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Colonial links between Mombasa and Portugal date back to Vasco Da Gama in 1498, and women on the coast first produced Kangas (decorative textiles) by sewing together handkerchiefs that had been imported from Portiugal. Christian missionaries from Europe in the 19th century had a huge impact on religious beliefs in Kenya, and the designs of Masai traditional Shuka textiles seem to have been inspired in the mid-19th century by imported Scottish tartan.
However, it was only from around 1920 (when Kenya was formally established as a British colony) that substantial numbers of British and other European people came to settle. From 1909 the Finnish artist Akseli Gallen-Kallela and his family lived on the outskirts of Nairobi, painting, travelling, and collecting both natural and ethnographic artefacts. In 1937 the Danish writer Karen Blixen published her first major book "Out of Africa" about her experience of life in Kenya from 1913 to 1931. Other European authors (notably Beryl Markham and Elspeth Huxley) also wrote about settlers' lives in Kenya.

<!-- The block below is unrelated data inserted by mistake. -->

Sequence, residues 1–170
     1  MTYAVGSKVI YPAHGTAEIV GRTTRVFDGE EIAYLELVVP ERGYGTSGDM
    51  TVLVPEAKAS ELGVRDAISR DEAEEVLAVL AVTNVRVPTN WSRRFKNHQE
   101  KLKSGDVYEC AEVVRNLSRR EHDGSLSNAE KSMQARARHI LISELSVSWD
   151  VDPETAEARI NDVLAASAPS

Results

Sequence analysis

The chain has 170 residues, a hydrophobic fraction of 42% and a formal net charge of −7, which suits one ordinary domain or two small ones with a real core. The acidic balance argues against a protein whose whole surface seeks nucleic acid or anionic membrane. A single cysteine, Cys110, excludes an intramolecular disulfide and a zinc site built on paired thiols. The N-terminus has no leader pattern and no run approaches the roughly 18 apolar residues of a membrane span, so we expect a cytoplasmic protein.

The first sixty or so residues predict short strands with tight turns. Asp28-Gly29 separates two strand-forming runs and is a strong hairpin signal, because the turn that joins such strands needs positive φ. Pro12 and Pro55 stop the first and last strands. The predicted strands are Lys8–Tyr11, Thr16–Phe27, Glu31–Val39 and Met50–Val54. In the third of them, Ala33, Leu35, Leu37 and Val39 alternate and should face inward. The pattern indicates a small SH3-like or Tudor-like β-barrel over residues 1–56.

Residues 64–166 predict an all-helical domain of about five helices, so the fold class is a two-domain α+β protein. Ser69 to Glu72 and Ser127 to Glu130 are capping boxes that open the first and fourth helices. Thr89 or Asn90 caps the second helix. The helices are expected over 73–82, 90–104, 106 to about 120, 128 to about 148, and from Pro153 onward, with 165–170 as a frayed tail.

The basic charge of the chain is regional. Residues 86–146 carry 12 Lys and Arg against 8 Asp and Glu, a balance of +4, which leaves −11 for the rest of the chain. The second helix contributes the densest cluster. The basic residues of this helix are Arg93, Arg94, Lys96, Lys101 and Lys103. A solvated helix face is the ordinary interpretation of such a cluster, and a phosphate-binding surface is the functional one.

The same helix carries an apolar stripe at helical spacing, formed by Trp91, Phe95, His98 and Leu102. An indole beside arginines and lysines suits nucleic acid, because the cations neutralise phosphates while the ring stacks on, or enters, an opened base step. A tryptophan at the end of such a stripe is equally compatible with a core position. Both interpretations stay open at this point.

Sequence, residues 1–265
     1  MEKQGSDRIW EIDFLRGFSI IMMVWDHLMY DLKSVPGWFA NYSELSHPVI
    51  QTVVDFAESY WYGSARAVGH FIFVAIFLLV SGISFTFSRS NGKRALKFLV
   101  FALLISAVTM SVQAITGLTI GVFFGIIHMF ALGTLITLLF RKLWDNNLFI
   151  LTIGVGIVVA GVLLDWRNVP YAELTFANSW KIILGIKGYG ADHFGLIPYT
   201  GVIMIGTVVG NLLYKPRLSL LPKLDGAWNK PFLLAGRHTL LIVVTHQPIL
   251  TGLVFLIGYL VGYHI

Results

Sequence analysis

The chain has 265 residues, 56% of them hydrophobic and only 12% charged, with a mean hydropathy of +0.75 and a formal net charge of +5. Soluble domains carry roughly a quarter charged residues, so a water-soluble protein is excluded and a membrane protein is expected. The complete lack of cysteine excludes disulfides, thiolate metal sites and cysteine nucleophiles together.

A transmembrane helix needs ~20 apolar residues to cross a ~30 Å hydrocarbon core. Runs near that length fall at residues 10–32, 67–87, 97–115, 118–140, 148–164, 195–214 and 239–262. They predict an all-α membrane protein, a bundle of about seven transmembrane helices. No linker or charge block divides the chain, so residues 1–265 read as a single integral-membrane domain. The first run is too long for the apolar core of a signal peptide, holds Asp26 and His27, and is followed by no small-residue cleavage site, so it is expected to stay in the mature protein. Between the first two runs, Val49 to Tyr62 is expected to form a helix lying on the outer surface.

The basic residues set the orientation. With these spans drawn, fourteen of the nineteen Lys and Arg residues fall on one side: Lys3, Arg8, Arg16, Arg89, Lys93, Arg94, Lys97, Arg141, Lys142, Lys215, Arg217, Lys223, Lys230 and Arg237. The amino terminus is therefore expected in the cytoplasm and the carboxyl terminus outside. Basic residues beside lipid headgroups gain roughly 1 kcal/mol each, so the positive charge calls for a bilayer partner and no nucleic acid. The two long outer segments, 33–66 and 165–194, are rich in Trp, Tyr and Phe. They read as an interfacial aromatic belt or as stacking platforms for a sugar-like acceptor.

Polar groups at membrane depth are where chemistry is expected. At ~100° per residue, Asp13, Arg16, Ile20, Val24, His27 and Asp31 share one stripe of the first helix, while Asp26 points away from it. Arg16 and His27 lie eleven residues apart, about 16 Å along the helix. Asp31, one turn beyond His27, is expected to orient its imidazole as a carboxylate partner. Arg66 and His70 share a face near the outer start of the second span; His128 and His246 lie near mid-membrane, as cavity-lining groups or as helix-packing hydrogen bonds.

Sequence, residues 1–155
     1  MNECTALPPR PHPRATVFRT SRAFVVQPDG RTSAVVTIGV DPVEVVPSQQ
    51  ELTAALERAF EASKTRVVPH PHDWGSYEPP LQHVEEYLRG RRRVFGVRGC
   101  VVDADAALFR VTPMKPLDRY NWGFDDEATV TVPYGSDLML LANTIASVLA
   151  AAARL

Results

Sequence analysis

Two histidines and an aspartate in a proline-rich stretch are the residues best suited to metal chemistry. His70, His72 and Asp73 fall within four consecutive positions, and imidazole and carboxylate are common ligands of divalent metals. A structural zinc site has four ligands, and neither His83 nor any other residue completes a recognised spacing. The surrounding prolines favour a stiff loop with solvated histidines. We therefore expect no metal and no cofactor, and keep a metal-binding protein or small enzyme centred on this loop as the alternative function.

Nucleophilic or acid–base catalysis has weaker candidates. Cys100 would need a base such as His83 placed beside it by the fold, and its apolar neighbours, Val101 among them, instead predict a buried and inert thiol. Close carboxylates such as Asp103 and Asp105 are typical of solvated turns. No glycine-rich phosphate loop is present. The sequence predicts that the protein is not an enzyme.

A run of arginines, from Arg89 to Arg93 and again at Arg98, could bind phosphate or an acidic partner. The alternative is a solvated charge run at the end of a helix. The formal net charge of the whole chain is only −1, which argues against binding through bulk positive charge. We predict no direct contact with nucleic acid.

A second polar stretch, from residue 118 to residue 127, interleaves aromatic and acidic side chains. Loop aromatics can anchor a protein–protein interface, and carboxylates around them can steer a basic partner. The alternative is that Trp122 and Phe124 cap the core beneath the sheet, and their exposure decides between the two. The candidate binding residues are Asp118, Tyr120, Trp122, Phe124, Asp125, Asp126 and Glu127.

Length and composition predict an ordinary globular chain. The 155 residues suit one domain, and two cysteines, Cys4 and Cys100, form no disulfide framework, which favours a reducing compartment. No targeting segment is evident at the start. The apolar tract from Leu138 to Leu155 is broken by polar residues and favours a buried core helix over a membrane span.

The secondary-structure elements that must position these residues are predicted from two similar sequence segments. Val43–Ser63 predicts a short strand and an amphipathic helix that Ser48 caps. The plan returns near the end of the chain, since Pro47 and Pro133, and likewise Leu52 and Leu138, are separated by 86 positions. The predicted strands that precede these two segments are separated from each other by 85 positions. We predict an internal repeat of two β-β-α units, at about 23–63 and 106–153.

During the colonial period a few Kenyans, including the country's future President Jomo Kenyatta, were able to study and live in Europe. Kenyatta's study of Kikuyu culture "Facing Mount Kenya" (1938) challenged stereotypes of Africa that were prevalent in Europe at the time. However, there was generally little interest from Europeans or Kenyans in each other's cultures during that time.
In more recent years, contemporary and traditional forms of culture in Kenya have attracted growing interest. Contemporary native and non-native Kenyan authors have written about cultural interaction and diversity: examples are Marjorie Oludhe Macgoye, Ngugi wa Thiong'o and Koigi wa Wamwere. Music, theatre, art and cinema are all encouraged by Kenyan cultural initiatives. Bomas of Kenya displays exhibitions of traditional folk buildings from different parts of the country as well as regular performances of traditional dance.
Contemporary Kenyan and European cultural events are promoted in Nairobi by the cultural institutes of four European countries: the Alliance Française, the Goethe Institute, the Italian Institute of Culture, and the British Council. The European diplomatic missions organise several film festivals every year, including the European Film Festival which is held in Nairobi in May every year. And, as part of our efforts to strengthen European cultural relations with Kenya, the EU Delegation's website now also lists a monthly compilation of Cultural events in Nairobi.